Categories
Recommended Posts
Fasting As A Prayer By on
Hearing Voices By on


An Almost High Point of a Complicated Story…


…or,

 

Why A Plan Is So Important

 

‘Yehoiada then made a covenant between God and the king and people that they would be God’s people. He also made a covenant between the king and the people. All the people of the land went to the temple of Baal and tore it down. They smashed the altars and idols to pieces and killed Mattan the priest of Baal in front of the altars.

 

Then Yehoiada the kohen posted guards at the temple of God. He took with him the commanders of hundreds, the Carites, the guards and all the people of the land, and together they brought the king down from the temple of God and went into the palace, entering by way of the gate of the guards. The king then took his place on the royal throne. All the people of the land rejoiced, and the city was calm, because Athaliah had been slain with the sword at the palace.

Yoash was seven years old when he began to reign. (II Kings 11:17-21)

 

We approach this story with a sense of having closed many outstanding issues in the history of the nation: the prophecies of Elijah, Elisha and Jonah have come to pass (Read Historical Background I, II, III, IV & V). 

 

Naboth has been avenged. 

 

Yehu rose to greatness and then fell as did so many before him. 

 

The Talmud traces the story of Yoash all the way back to King David and his indirect responsibility for the massacre by King Saul of the city of Kohanim, Nov.

There is a strong sense in the nation of having closed many painful chapters in their history, and that they are now prepared for a fresh start.

Yehoiada uses this as an opportunity to “seal the covenant,” between God and the King and the people. 

* God did not initiate this renewal of the covenant it was Yehoiada. 

* The Kohen had not received a message from God instructing him to renew the covenant.

There was no direct communication from God that He was ready to renew the covenant, and yet, Yehoiada knew that he was empowered to renew the covenant between God, the King, and the people.

 

Yehoiada knew this with absolute clarity because of all the major events that had taken place. 

 

He wanted the people to understand that all that had taken place over the past few decades had been guided by the hand of God. Yehoiada understood that with the realization of the prophecies of Elijah, Elisha and Jonah, that God had already initiated the renewal of the covenant. 

 

All that was necessary was for the people to respond to these events as being guided by God’s Hand. 

The acknowledgment of God’s guidance was the renewal of the covenant.

 

********

II.

Yehoiada then made a covenant between God and the king and people that they would be God’s people.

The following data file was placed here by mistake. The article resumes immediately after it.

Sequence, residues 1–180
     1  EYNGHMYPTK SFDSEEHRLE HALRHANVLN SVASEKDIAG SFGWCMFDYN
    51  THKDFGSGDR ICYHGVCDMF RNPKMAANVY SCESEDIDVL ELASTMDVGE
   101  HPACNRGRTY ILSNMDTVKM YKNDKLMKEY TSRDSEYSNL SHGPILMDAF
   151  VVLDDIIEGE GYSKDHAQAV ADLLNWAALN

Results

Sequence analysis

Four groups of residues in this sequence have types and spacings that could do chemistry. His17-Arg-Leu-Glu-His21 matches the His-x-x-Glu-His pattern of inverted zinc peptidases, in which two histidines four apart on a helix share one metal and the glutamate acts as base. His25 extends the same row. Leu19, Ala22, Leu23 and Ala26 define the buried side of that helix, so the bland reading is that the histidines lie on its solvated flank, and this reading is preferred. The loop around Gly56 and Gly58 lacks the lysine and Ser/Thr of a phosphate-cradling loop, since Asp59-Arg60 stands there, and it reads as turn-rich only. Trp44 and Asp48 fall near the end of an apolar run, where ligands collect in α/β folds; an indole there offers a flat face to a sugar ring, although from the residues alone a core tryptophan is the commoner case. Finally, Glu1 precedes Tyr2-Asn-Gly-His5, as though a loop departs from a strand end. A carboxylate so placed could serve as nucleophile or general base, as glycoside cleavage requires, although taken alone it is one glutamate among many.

He also made a covenant between the king and the people. 

All the people of the land went to the temple of Baal and tore it down. They smashed the altars and idols to pieces and killed Mattan the priest of Baal in front of the altars.

Then Yehoiada the kohen posted guards at the temple of God. He took with him the commanders of hundreds, the Carites, the guards and all the people of the land, and together they brought the king down from the temple of God and went into the palace, entering by way of the gate of the guards. The king then took his place on the royal throne. All the people of the land rejoiced, and the city was calm, because Athaliah had been slain with the sword at the palace.

Yoash was seven years old when he began to reign. (II Kings 11:17-21)

 

Although the translation reads, “To be a people of God,” a more accurate reading based on the musical notes would be, “To be a nation, to God.” 

 

Yehoiada did not just want the people to make a covenant with God that they would be a nation to God, he wanted them to first make a covenant to God that they would function as a nation. 

 

It was only after they made a commitment to God to live as a nation that they could then dedicate themselves to be a nation to God.

It is also important to note that their commitment to be a nation was not a commitment between themselves, it was not a commitment to each other, but a commitment to God to interact with each other as a nation.

 

As we review the Historical Background to this story, we notice that efforts to live as a nation that were not a commitment to God, resulted in failure:

Yehoram, “followed the ways of the kings of Israel, as the house of Ahab had done, for he married a daughter of Ahab. He did evil in the eyes of God.” 

The King of Judah married the daughter of the King of the Ten Tribes to unify the nation but it resulted in disaster and a rejection of God. 

It is not enough to make a covenant to live as a nation; that covenant must be a commitment to God.

 

********

III.

 

“Between God, and between the King, and between the nation… And between the King and between the nation.” 

There are numerous covenants being sealed in this verse. 

 

We have already discussed the initial covenant between the people and God that they would relate to each other as a nation.